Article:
Financing the Nuclear Renaissance
AbstractThis paper considers the key economic risks associated with nuclear power. The authors observe that the bulk of the risks of a nuclear power station project fall during the roughly five year period of plant construction. This window of risk follows a lengthy siting process and comes before power station operations lasting up to sixty years. As a consequence of the nature of the economic risks, operational nuclear power plants are more attractive targets for initial investment than new build projects. The authors suggest that the first glimmers of a US nuclear renaissance were visible in 2000 when dramatically higher prices were achieved for second-hand nuclear power plants following a period of depressed prices in the 1990s. The paper closes with a consideration of the prospects for nuclear new build in both Europe and the United States and the key financial and economic factors that could drive such developments differently in each case.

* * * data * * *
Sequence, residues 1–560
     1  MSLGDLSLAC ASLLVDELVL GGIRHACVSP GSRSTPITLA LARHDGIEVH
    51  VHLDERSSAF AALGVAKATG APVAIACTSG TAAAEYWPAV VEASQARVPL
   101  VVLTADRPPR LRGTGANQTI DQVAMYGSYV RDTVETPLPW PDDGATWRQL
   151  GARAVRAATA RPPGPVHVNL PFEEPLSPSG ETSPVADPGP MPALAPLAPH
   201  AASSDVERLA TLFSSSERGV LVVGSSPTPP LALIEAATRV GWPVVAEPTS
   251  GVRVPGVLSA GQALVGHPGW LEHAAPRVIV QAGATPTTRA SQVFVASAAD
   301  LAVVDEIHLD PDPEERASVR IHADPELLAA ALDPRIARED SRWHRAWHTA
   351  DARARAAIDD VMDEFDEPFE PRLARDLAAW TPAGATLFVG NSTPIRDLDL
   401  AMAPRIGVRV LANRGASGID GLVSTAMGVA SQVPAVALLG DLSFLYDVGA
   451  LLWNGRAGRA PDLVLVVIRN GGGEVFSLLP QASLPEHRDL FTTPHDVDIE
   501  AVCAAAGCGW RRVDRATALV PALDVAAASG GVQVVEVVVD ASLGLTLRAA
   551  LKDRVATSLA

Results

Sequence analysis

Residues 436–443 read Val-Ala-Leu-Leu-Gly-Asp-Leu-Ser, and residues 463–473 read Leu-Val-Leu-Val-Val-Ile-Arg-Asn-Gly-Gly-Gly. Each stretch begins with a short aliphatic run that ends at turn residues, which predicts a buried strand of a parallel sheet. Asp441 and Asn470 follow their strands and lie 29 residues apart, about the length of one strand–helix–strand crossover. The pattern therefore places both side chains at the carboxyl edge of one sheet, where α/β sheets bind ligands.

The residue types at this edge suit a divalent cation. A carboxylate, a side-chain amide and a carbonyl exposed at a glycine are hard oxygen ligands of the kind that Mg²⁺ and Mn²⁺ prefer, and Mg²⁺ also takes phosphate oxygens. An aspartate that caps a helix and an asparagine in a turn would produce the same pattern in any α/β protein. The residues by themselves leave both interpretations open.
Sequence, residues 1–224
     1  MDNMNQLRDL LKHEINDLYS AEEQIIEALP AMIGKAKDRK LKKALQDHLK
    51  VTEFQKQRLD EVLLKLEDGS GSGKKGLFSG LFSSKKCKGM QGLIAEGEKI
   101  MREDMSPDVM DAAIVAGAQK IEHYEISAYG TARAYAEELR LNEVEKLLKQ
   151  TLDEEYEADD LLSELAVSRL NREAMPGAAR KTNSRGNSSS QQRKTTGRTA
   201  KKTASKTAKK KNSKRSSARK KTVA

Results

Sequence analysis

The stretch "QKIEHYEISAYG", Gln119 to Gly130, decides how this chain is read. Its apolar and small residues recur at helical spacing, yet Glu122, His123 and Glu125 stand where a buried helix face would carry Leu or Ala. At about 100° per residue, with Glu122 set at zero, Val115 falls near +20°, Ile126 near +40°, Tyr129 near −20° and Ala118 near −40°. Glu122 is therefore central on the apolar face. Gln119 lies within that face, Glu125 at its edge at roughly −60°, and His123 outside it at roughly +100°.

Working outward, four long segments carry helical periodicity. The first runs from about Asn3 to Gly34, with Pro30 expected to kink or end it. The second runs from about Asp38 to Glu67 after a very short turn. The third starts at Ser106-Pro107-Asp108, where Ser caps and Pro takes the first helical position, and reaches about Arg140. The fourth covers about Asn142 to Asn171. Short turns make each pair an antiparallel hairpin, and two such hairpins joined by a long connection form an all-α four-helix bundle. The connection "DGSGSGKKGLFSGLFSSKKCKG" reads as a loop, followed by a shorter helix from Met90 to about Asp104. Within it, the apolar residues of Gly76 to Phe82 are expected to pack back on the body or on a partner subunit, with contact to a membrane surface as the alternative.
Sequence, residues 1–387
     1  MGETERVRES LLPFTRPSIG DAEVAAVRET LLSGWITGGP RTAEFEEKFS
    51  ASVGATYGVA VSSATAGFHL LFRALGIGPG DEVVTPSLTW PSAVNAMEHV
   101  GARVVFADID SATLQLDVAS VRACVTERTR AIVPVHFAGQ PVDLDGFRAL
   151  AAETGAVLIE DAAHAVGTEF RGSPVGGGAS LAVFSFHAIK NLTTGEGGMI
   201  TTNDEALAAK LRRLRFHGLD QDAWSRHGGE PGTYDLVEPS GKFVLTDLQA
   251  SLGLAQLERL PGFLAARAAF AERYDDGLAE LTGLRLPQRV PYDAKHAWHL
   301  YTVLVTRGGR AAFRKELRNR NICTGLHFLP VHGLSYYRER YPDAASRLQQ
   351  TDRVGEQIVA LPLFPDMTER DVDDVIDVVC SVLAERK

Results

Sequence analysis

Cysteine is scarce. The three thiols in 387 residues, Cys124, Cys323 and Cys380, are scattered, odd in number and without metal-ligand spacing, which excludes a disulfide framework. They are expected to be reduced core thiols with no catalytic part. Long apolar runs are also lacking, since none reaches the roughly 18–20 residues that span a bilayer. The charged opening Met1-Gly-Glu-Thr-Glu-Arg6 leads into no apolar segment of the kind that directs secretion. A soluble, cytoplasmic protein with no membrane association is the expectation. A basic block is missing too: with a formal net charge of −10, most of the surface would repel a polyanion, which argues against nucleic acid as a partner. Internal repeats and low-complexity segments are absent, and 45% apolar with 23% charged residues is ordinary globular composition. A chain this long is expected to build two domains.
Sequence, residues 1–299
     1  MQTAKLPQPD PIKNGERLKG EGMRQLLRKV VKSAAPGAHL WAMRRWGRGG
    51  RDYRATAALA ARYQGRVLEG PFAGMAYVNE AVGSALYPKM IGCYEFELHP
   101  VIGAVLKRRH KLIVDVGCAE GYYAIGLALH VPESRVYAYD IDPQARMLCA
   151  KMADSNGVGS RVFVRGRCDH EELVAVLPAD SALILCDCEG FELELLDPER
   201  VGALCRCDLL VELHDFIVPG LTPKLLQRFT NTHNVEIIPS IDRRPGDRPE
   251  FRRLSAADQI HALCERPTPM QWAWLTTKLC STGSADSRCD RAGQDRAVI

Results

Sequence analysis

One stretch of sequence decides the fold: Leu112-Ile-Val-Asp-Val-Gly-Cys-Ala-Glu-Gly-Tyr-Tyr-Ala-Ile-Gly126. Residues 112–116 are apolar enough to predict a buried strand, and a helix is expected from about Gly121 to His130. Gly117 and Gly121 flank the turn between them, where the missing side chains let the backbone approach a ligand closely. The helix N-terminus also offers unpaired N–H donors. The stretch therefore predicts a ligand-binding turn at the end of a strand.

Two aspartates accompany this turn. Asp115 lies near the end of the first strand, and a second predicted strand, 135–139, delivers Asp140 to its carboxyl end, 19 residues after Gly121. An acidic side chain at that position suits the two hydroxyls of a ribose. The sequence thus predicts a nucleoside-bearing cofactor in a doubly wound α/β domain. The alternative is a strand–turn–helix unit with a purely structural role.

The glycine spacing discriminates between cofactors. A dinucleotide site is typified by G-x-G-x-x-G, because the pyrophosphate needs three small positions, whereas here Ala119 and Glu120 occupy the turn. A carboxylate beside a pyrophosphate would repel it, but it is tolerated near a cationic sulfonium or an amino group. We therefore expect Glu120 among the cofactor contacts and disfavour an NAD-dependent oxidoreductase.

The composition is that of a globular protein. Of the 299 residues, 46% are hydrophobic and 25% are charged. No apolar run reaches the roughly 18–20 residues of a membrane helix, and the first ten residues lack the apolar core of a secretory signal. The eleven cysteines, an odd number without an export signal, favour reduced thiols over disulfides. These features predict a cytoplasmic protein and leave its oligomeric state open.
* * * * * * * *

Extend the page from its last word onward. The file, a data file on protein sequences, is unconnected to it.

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Bibliographic InfoPaper provided by Faculty of Economics, University of Cambridge in its series Cambridge Working Papers in Economics with number 0829.
Date of creation: Jun 2008
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Web page: http://www.econ.cam.ac.uk/index.htm
Finance; Nuclear Power; Electricity Generation; Economic Risk; Energy Policy;
Find related papers by JEL classification:
- G31 - Financial Economics - - Corporate Finance and Governance - - - Capital Budgeting; Fixed Investment and Inventory Studies
This paper has been announced in the following NEP Reports:
- NEP-ALL-2008-09-05 (All new papers)
- NEP-ENE-2008-09-05 (Energy Economics)
- NEP-PPM-2008-09-05 (Project, Program & Portfolio Management)
Please report citation or reference errors to , or , if you are the registered author of the cited work, log in to your RePEc Author Service profile, click on "citations" and make appropriate adjustments.:
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